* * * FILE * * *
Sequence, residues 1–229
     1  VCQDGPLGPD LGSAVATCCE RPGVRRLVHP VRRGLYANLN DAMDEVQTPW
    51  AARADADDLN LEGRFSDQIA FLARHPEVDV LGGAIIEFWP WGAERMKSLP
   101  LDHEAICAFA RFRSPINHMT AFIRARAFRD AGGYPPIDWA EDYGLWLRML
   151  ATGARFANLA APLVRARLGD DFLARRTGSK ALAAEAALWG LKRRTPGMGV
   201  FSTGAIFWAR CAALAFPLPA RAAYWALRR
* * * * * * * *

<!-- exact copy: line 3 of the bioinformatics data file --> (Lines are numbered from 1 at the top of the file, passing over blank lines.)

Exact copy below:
    51  AARADADDLN LEGRFSDQIA FLARHPEVDV LGGAIIEFWP WGAERMKSLP